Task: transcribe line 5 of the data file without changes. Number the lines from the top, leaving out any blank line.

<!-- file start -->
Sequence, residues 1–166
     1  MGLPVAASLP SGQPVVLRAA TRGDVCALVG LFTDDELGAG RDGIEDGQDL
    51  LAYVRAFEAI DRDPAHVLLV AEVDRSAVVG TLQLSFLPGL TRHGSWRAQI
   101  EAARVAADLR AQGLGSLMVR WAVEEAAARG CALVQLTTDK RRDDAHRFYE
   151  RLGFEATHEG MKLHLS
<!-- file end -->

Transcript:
   151  RLGFEATHEG MKLHLS